Tuzag CEO Neal Sofian. (Tuzag Photo) is betting that health bots need a better bedside manner. The startup just launched a chat service that’s part concierge, part health assessor and comes with a healthy dose of compassion. Tuzag’s first product, , is an out-of-the-box service that CEO sums up as an “engagement bot.” In a demo of Tuzag’s app for Amazon Alexa, the bot responded to news that a patient was having a bad day by saying, “I wish I could give you a big hug right now.” Other details, like remembering your pet’s name and asking for doggy updates, bring the humanistic angle a step further. Health bots that use artificial intelligence are having a moment. Microsoft recently , and a number of health companies have built bots for Amazon Alexa and Google Assistant. “We’re doing two things that I think are very different,” Sofian said. “One is we’re building profiles on people so that we have a persistent memory and we’re learning every time we interact with you. The second part is we’re actually tailoring content down to the word just for you.” Tuzag’s MyHealthyDay voice app is also available in other channels, such as a web dashboard, shown above. (Tuzag Screenshot) Tuzag Founder Dave Bulger. (Tuzag Photo) Tuzag’s bots can be programmed to have different personalities, which can change the experience, for example, from a friendly and bubbly conversation to a stern one. With the help of artificial intelligence, Sofian thinks more personalized bots can change patient behavior. But it all starts with engagement. “A good concierge in a hotel gets to know you. What are your needs? What do you want?” Sofian said. “Why wouldn’t we do that for consumers in health care when it’s 20 percent of the economy?” In addition to the off-the-shelf MyHealthyDay product, Tuzag creates custom bots and can provide its product as middleware to other companies. While the startup is focused on voice apps, its services can be deployed through text messages, an online chatbot or other channels. Tuzag is focused on the user experience to help improve engagement. “We want to build the concierge that can do what it takes to get people to connect to the products and services that are meaningful to them,” Sofian said. In the future, Sofian said that MyHealthyDay could integrate with smart devices to give tailored advice, such as synching with a smart pill bottle to track whether a patient is taking their medicine. “It’s pretty startling how bad adherence is,” Sofian said. Sofian runs the company with Tuzag founder , who first started working on the project in 2013. The startup has offices in Seattle and Syracuse, New York, where Bulger is based. Tuzag has partnered with the YMCA as well as Vanderbilt University, which is developing its own bot for newcomers to Nashville, Tenn. The startup has raised around $500,000 in seed funding. Sofian developed the successful smoking cessation program called Free and Clear, later renamed Quit for Life, in the 1980s. The program is now offered by more than 700 employers and health plans across 26 states. He also previously spent 14 years at Seattle-based Group Health Cooperative and was director of member engagement at Premera Blue Cross for seven years.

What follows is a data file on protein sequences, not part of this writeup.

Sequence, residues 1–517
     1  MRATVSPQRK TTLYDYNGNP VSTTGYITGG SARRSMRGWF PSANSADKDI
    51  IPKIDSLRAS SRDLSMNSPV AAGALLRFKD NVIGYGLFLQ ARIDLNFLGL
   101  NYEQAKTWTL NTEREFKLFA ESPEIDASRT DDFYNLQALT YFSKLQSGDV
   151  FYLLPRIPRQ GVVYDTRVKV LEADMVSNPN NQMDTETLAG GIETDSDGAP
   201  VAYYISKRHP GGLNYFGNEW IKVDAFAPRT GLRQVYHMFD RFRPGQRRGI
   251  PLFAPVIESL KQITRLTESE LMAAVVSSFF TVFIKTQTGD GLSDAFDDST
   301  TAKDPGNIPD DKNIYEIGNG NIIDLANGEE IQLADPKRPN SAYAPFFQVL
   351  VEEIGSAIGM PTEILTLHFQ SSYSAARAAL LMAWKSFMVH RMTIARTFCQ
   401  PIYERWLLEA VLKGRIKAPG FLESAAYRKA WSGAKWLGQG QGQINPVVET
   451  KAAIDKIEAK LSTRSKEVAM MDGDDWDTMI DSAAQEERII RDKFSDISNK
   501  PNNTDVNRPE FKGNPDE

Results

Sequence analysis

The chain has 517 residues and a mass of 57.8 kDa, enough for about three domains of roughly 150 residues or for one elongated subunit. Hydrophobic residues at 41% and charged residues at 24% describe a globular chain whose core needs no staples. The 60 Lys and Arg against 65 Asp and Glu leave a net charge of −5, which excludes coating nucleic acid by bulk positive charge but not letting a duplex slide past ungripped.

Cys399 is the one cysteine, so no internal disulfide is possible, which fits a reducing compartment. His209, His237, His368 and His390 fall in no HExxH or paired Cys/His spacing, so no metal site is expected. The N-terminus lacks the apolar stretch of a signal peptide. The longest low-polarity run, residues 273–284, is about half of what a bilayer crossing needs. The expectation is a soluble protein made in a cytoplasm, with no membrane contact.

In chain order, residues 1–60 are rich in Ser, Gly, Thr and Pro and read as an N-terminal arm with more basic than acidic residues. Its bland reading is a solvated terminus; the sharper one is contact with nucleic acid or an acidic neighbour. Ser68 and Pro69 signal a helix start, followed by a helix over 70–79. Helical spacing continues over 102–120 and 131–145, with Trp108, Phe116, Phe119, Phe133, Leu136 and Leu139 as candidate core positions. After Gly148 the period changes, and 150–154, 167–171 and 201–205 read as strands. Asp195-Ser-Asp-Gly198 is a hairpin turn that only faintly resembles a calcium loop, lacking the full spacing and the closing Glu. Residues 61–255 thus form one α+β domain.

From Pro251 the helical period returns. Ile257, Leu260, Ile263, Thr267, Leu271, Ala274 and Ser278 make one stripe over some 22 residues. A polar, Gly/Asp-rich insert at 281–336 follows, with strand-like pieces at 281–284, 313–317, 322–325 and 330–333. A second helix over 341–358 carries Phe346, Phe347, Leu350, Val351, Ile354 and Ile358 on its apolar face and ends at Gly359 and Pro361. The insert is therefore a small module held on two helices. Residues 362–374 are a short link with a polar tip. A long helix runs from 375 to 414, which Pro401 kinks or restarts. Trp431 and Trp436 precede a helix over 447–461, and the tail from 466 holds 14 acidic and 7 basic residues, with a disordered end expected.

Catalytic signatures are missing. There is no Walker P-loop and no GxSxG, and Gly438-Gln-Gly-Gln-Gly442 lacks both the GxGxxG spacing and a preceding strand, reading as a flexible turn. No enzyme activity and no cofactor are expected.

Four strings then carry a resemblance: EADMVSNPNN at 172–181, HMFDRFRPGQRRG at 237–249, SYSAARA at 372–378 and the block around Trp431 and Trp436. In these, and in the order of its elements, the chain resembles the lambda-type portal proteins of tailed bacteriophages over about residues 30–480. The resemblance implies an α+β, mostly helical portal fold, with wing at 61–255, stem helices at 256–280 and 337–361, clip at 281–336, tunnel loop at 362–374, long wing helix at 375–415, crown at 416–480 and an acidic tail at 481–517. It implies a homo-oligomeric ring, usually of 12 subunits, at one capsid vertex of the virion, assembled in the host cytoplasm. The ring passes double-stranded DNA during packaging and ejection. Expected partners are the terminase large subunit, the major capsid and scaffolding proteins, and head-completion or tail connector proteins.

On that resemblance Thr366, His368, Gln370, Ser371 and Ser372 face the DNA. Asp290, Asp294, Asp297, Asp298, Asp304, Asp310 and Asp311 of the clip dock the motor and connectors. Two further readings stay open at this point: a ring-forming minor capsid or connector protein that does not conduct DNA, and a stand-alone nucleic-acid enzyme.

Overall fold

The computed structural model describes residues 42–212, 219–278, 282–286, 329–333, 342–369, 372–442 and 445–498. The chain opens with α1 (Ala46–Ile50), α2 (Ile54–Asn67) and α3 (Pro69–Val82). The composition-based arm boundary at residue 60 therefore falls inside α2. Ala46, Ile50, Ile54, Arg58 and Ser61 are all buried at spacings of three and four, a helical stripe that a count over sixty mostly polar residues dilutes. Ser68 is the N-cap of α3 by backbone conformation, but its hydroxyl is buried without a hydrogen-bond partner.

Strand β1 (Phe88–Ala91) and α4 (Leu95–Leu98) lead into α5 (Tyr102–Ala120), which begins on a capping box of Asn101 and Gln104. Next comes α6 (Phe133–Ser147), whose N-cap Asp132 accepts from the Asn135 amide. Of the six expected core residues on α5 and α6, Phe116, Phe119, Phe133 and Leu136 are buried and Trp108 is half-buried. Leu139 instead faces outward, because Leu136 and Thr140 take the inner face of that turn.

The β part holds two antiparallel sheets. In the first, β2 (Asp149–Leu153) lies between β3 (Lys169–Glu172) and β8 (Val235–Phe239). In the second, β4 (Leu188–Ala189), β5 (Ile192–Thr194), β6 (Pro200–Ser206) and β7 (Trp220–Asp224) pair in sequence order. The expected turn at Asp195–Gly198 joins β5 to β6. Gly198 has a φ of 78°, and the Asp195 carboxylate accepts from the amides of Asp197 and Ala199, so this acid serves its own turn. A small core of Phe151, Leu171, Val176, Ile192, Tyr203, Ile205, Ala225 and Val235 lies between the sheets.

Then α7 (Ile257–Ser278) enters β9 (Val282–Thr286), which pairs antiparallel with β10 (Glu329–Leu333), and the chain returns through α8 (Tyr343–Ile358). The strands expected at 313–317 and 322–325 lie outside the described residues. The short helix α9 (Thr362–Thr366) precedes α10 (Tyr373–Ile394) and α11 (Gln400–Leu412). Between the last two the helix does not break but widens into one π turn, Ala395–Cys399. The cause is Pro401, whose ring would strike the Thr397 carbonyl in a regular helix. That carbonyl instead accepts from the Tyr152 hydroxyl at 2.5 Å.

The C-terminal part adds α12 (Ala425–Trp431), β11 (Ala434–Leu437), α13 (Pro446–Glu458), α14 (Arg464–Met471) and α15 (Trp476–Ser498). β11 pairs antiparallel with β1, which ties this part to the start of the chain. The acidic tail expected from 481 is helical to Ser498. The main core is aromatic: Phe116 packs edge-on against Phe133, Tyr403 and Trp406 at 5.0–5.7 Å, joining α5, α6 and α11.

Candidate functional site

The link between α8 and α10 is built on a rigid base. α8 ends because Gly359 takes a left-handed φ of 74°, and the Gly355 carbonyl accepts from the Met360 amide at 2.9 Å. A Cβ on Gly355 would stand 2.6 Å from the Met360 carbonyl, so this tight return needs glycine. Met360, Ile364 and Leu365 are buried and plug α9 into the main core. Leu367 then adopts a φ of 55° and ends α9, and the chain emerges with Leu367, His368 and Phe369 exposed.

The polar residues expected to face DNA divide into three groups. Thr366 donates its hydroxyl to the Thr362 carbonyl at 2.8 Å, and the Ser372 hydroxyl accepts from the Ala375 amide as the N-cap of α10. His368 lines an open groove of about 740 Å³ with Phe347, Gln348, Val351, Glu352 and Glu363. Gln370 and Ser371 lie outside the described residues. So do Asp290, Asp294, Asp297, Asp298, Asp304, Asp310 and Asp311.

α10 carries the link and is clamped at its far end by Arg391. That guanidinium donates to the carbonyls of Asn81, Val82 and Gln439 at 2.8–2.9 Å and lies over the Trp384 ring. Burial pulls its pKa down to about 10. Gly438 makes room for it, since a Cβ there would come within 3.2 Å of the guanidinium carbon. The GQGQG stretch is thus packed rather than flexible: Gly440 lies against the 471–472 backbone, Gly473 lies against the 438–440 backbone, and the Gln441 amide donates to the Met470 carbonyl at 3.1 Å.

The Xealth team — and office dogs — inside the company’s office in Seattle’s Smith Tower. (GeekWire Photo / James Thorne) Is there big market for prescriptions beyond drugs? Several investors with deep experience in health are betting on it — joining in a new $11 million funding round for Xealth, a digital health startup building a platform that lets doctors prescribe everything from wheelchairs and insulin monitors to articles and Lyft rides. Xealth CEO Mike McSherry. (Xealth Photo) Founded by two Seattle startup veterans and spun out of Providence Health & Services, Xealth uses patient data to recommend services from a variety of vendors for possible prescription. The company wants to make its marketplace available to hundreds of thousands of doctors and nurses, letting them issue digital prescriptions, such as apps and digital media, or anything else they want to prescribe beyond a traditional drug. If a patient is overweight and doesn’t have a history of eating disorders, for example, Xealth might recommend that a doctor prescribe a service from Weight Watchers. Xealth’s Series A funding round drew new investors McKesson Ventures, Novartis, Philips and ResMed. Those names are notable in that they represent many of the medical supplies, digital therapeutics and devices that can be prescribed over Xealth’s platform. “I’m a huge fan of strategic investments,” said Mike McSherry, Xealth’s CEO and co-founder, in an interview at the company’s headquarters at Seattle’s Smith Tower, explaining why he likes to seek out investors from inside the industry, not just traditional venture capital. McSherry has followed this approach before, with success. He was previously CEO of Swype, maker of a popular swipe texting keyboard, and , key players in the world of mobile devices. Following , Xealth’s total cash raised now stands at $19.5 million, and the new round brought back prior investors Threshold Ventures, Providence Ventures, Froedtert and the Medical College of Wisconsin Health Network, and the University of Pittsburgh Medical Center. McSherry and Xealth co-founder Aaron Sheedy make for unlikely healthcare innovators. The pair have been working together for more than two decades, tracing their roots back to a shared office at Microsoft in the 90s. They worked together at Swype, which sold to Nuance Communications in 2011. McSherry became Nuance’s VP of advertising and content and Sheedy its VP of mobile product. They took the plunge into healthcare after McSherry was invited by Providence CEO Rod Hochman to be an entrepreneur-in-residence at Providence Ventures in 2015. Founded two years later, Xealth now has 40 employees, up from 12 in 2017. Xealth’s marketplace lives inside of hospitals’ electronic health records systems. (Xealth Screenshot) The company reflects a broader surge in interest in health by people and companies from the tech industry. The frenzy around digital health has been stoked by significant entries into the space from the likes of Apple, Amazon, Google and Microsoft. Venture investment in digital health grew 42 percent last year to $8.1 billion, according to . Xealth was founded with a mission to be the ultimate marketplace for doctors to prescribe anything and everything digital. But the company says its platform is more than a marketplace: It also routes the flow of data from services back into the hospital’s electronic health record system. Xealth is currently tracking data from 40,000 sleep apnea patients who are using CPAP devices for Providence St. Joseph Health. “If you can more seamlessly engage with the patients digitally, like they’re used to in their consumer lives, you’re providing a better patient experience,” McSherry said. “But that also gives the hospital system a 360-degree view of the patient’s health.” Last year, Xealth for products that could be prescribed through its marketplace. What seemed like a simple integration — a surgeon could send a patient a link to buy a product for recovery, for example — was practically revolutionary in a world where doctors often hand their patients a photocopy of the product they recommend. Not surprisingly, navigating tech-style disruption in healthcare is complicated. Amazon’s service on Xealth doesn’t use the e-commerce giant’s recommendation engine; instead, doctors manually curate the products they want. And to avoid conflicts of interest, Xealth doesn’t get affiliate payments from Amazon. McSherry said that other e-commerce sellers would soon join the platform. The startup currently offers services from 30 digital health vendors. One recent addition to Xealth’s platform is Proteus, which sells pills with sensors that monitor a patient’s drug adherence. Xealth also recently added Duke Health and Baylor Scott & White Health as customers. The startup makes money by licensing its platform to healthcare providers. Competitors include Redox and Sansoro Health, both of which integrate third-party applications into electronic health records systems. McSherry made it clear that using data to make recommendations is central to realizing Xealth’s ambitions. It just has to make sure that healthcare providers are on board. Over time, McSherry said, the company should know what works best for patients down to an individualized level. “We didn’t get into this to play small ball,” he said. “We’re going to have a huge data set that works to optimize the best patient care and clinical recommendations for patients.”